Majnoon. The Al Fao, which weighs 48 tons, can fire four
109 kilogram rounds a minute for 35 miles from its
11-meter barrel. The Iraqis claim that the Al Fao and
Majnoon can attain a top speed of 72-88 kilometers an
hour on the road.
Also worrisome were
Bull-modified missile warheads, which increased the
range of Iraq's Scud missiles.
Under Project Babylon,
Bull extended his HARP gun design to build the barrel in
segments, with a total length of 512 feet. The gun would
be able to fire 600 kg projectile to a range of 1,000
kilometers, or a 2,000 kg rocket-assisted projectile
As a component of Project
Babylon, Bull built a smaller gun, nick-named Baby
Babylon, as a prototype for the larger gun. This 40
meter long gun was first constructed for horizontal
testing in the summer of 1989, and installed at Jabal
Hamrayn, ninety miles north of Baghdad, in central Iraq
[Jabal Hamrin MTS 34°30'N 44°30'E]. The gun was
positioned along a mountainside at an angle of about 45
In documents filed with
the UN Special Commission 18 July 1991, Iraq admitted
possessing a gun with a barrel 350 millimeters wide and
45 meters long and that it was building a second one.
The commission noted that the gun would have been
inaccurate for conventional armaments, and that it was
trying to determine if the weapon was intended for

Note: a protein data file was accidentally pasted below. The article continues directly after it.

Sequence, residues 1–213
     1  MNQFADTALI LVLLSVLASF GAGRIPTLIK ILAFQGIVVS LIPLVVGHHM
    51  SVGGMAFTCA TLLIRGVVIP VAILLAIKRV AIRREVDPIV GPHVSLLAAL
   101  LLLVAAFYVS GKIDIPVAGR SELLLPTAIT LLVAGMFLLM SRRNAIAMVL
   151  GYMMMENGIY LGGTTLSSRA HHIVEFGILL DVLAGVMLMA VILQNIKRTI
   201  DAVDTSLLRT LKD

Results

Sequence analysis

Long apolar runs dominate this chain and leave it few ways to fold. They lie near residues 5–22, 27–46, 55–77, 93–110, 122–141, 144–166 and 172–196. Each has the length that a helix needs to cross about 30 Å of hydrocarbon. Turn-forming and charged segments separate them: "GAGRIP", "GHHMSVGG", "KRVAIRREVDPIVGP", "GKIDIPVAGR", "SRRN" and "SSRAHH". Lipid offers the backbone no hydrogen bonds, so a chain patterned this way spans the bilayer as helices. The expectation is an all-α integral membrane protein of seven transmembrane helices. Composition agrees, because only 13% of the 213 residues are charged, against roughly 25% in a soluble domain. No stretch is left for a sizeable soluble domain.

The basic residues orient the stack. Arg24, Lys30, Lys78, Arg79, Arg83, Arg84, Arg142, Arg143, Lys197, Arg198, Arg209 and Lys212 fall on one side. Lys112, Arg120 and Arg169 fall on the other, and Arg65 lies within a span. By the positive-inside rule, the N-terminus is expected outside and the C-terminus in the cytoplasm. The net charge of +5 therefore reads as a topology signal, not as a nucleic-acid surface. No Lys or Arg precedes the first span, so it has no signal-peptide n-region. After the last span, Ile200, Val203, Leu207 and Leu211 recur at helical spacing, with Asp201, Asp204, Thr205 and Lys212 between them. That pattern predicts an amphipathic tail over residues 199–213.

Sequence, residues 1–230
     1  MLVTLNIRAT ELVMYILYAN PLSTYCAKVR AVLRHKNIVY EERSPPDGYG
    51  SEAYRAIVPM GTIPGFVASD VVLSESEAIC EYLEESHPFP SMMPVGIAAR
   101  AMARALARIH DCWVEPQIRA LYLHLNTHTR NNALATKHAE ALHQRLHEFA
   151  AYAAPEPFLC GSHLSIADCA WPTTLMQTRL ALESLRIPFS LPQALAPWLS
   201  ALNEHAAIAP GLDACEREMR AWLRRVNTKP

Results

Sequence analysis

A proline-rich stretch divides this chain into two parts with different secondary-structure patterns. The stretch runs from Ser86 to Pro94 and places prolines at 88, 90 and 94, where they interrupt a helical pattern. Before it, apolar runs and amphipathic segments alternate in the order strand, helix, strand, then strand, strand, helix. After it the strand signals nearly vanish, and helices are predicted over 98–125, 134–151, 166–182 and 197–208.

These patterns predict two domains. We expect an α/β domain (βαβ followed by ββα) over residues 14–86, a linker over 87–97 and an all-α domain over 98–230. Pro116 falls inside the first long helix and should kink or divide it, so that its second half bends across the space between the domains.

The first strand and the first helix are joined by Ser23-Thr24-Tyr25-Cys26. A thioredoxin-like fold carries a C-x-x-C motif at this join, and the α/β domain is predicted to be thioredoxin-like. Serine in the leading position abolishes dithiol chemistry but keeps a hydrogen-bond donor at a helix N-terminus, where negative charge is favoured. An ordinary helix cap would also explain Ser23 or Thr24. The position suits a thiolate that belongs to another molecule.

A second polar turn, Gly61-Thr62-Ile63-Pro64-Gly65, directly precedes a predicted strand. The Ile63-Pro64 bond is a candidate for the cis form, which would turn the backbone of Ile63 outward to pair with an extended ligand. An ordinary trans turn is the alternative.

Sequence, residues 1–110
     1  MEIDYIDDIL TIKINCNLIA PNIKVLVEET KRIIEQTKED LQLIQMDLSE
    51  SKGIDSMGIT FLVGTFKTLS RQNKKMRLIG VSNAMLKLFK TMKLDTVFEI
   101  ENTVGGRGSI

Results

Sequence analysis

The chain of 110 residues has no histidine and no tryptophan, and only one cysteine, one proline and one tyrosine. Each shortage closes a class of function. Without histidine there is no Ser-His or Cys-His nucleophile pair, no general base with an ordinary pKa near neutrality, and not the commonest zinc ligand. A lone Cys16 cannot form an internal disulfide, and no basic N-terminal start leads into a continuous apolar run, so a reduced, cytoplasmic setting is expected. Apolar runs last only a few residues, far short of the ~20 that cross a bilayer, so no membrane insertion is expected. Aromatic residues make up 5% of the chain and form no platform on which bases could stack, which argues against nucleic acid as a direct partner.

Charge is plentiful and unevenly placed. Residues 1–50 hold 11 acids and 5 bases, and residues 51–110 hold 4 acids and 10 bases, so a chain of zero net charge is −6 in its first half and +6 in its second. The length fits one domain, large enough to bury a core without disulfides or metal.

chemical, biological, or nuclear use. The superguns were
potentially capable of firing chemical, biological and
nuclear weapons to a range of up to 1,000 km.
The high-ranking Iraqi
defector Gen. Hussein Kamel al-Majeed said Iraq was
working on a space weapon launched from the supergun.
"It was meant for
long-range attack and also to blind spy satellites.
Our scientists were seriously working on that. It was
designed to explode a shell in space that would have
sprayed a sticky material on the satellite and blinded
He also said the supergun
could have delivered a nuclear device.
Following the Gulf War UN
teams destroyed one 350 mm. supergun, components of a
1000 mm. supergun, and supergun propellant.
Iraq used the
petrochemical complex two (PC-2) project as a front to
purchase components for Gerald Bull's super gun. Matrix
Churchill was a long established Midlands based machine
tool manufacturer which was purchased in 1987 by an
Iraqi controlled company, TMG Engineering Ltd, which was
in turn controlled by another Iraqi controlled company,
Technology and Development Group Ltd (TDG). The military
uses of Matrix-Churchill machines are the prime reason
Iraq was interested in purchasing the company. Acquiring
Matrix-Churchill gave Iraq access, not only to the
machine tools, but also the computer programming,
tooling, and other components needed to make a wide
variety of munitions as well as other applications in
aerospace and nuclear industries. The Iraqi NASSR
Establishment for Mechanical Industries contracted with
the company for the supply of machine tools for a
project, code named "ABA", to manufacture
parts for multi launcher rocket systems. In addition,
supergun components were fabricated in separate parts by
factories in England, Spain, Holland and Switzerland.
Acting on an anonymous tip, British Customs seized the
final eight sections of the Super Gun in November 1990.
The work skirted the law but remained legal, as
illustrated by Britain's unsuccessful prosecution of the
case, following the joint British-American sting
operation that uncovered key supergun equipment